Physiological side effects of fungicides

Besides their main effects (pathogen elimination) fungicides are known to have positive side-effects on plant physiology. Improved yield is the most appreciated and profitable secondary effect and often a result of enhanced stress resistance and delayed leaf senescence, characterized by reduced chlorophyll loss (Grossmann & Retzlaff, 1997), higher protein content and increased biomass. Such effects have been previously detected with strobilurins applied in wheat and barley in our lab (Wu & v. Tiedemann, 2001 & 2002). We strive to detect such effects induced by novel fungicides which have not been introduced into the market yet. The enhanced stress resistance comprises a very broad spectrum of parameters. Stress is often correlated with alterations of the cellular redox status and oxygen metabolism. The visible stress symptoms are often a result of the accumulation of reactive oxygen species. Hence, we focus on enzymatic antioxidative systems (like ascorbate peroxidase, monodehydroascorbate reductase, dehydroascorbate reductase, glutathione reductase, catalase and unspecific peroxidase) and provide several methods to examine alterations of these components. Additionally, we analyse the two most important non-enzymatic detoxifying antioxidants, i.e. glutathione and ascorbate.We also provide techniques to measure hydrogen peroxide, a detectable product of oxygen radical accumulation. More basic parameters which can be analyzed in our lab are chlorophyll content, total protein and the chlorophyll fluorescence (indicating the fitness of photosystems). A second very interesting point is the induction of resistance in plants which can be elicited through various biotic and abiotic stressors. Although biotic inducers are most common, chemicals can function as resistance inducers, as well. The best known and best studied example is acibenzolar-S-methyl (BION). It is our particular interest to analyse fungicidal compounds for similar effects, by using gene expression of PR1 and salicylic acid levels as indicative parameters for ISR. Furthermore, we want to refer our results to stress experiments with detailed adjustable stressors like ozone under controlled conditions. Most experiments are performed with barley and wheat, grown under constant conditions in the greenhouse or in climate chambers. The interaction of these crop plants with pathogens such as Septoria tritici and the performance of the compounds tested, are of interest, too.We also attempt to adapt our methods to other crops and field samples.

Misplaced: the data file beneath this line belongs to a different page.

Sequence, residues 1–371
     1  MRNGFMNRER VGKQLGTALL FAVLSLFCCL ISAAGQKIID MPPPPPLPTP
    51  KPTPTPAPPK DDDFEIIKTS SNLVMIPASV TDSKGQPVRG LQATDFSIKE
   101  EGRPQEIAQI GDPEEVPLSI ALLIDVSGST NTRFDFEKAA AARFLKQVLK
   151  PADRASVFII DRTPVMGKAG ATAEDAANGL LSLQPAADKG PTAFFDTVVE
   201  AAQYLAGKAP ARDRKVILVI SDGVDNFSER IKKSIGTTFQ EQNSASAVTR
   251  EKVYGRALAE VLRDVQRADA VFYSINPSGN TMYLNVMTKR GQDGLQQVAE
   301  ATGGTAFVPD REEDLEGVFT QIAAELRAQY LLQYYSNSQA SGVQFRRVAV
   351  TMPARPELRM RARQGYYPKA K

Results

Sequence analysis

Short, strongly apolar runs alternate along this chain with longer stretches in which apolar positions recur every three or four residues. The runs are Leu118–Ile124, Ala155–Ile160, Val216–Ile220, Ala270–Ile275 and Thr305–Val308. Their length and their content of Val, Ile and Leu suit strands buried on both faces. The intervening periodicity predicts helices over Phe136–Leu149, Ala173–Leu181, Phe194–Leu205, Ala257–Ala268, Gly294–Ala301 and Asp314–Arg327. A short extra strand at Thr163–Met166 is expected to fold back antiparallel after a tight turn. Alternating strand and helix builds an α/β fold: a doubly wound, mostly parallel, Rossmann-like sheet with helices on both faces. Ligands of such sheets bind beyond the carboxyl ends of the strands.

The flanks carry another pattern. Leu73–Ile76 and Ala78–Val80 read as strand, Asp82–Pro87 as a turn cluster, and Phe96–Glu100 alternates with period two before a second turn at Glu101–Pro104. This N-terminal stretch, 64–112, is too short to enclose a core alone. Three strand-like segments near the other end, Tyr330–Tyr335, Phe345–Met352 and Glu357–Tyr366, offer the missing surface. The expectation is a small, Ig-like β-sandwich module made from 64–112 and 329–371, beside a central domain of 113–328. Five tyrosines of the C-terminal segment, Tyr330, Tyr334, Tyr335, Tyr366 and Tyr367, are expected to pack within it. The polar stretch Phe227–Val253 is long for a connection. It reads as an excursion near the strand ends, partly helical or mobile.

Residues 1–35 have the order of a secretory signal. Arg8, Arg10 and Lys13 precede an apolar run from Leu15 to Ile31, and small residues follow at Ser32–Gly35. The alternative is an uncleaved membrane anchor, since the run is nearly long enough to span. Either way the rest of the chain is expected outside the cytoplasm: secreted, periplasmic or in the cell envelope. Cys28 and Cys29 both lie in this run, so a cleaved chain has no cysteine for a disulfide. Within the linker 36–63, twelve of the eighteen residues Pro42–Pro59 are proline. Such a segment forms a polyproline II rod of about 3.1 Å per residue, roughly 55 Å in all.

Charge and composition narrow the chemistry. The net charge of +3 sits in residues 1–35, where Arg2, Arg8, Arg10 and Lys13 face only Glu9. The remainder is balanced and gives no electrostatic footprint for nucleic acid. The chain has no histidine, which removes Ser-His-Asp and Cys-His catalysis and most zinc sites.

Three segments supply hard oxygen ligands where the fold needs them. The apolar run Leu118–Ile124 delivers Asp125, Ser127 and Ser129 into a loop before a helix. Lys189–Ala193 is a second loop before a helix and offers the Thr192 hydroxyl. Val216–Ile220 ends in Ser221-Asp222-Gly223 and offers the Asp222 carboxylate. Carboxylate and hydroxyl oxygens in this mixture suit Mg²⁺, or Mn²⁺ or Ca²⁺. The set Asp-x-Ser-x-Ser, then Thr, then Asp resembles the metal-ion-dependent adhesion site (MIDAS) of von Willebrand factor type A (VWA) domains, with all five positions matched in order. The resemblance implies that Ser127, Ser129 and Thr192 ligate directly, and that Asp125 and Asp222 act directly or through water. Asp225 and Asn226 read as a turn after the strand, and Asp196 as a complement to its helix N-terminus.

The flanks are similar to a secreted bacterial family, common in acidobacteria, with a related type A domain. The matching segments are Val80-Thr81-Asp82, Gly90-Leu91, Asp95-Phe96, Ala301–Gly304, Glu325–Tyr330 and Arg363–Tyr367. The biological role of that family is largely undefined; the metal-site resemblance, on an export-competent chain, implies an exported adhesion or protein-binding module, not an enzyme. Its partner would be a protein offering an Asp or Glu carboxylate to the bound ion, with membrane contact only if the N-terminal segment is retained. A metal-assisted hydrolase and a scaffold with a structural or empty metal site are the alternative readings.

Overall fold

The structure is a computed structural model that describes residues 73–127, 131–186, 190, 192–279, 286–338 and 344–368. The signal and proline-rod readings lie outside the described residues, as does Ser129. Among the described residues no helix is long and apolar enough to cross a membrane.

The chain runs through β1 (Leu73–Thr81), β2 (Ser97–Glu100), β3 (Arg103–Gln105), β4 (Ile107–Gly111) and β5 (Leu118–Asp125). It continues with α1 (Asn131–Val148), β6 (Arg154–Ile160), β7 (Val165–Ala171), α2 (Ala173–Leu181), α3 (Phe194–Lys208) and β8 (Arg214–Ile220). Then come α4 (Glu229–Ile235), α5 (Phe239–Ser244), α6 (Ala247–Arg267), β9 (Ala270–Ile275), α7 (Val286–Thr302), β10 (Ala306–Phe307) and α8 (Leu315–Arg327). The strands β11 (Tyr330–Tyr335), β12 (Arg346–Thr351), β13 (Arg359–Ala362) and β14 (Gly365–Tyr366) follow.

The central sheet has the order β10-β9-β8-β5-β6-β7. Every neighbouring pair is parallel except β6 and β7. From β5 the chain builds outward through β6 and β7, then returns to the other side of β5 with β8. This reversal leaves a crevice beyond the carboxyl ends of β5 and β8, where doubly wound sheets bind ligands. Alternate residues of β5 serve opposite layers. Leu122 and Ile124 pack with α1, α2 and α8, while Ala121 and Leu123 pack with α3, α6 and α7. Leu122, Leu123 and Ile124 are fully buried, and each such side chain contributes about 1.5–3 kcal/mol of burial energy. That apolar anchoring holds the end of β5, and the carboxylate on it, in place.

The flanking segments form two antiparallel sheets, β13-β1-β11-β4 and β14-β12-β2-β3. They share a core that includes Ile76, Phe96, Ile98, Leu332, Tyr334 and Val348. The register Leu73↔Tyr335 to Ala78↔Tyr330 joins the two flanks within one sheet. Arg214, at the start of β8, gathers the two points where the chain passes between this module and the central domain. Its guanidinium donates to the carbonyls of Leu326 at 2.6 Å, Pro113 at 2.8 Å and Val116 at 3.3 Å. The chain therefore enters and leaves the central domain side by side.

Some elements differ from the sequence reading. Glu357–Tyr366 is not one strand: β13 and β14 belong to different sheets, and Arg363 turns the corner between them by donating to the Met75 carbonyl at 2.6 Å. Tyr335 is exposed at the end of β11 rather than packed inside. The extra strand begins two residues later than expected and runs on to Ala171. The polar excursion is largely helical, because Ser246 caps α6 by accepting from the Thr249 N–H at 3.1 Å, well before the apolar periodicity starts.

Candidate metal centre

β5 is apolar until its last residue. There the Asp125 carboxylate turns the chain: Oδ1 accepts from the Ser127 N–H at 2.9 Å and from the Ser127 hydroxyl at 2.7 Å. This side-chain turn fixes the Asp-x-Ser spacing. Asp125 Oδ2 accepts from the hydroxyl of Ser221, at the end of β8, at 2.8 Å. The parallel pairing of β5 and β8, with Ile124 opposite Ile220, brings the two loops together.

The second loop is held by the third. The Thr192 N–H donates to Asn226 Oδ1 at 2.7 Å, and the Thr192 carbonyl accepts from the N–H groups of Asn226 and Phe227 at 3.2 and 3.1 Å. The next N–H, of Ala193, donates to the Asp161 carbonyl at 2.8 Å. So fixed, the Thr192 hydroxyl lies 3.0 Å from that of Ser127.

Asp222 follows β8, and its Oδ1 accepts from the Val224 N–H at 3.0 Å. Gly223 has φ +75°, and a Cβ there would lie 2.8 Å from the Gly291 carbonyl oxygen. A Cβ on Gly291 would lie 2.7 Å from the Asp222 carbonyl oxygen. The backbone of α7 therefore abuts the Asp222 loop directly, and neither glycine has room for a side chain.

• Grossmann K. and G. Retzlaff (1997). Bioregulatory effect of the fungicidal strobilurin kresoxim-methyl in wheat (Triticum aestivum). Pestic. Sci. 50 (1997), pp. 11–20.
  • Wu, Y.-X. and A.v. Tiedemann (2001). Physiological effects of azoxystrobin and epoxiconazole on senescence and the oxidative status of wheat. Pesticide Biochemistry & Physiology, 71, 1-10.
  • Wu, Y.-X. and A. v. Tiedemann (2002). Impact of fungicides on active oxygen species and antioxidant enzymes in spring barley (Hordeum vulgare L.) exposed to ozone. Environmental Pollution, 116, 37-47.

Investigator(s): Dr. Nadine Riediger, Dr. A. Schützendübel, Dr. Y.-X. Wu

Supervisor: Prof. Andreas von Tiedemann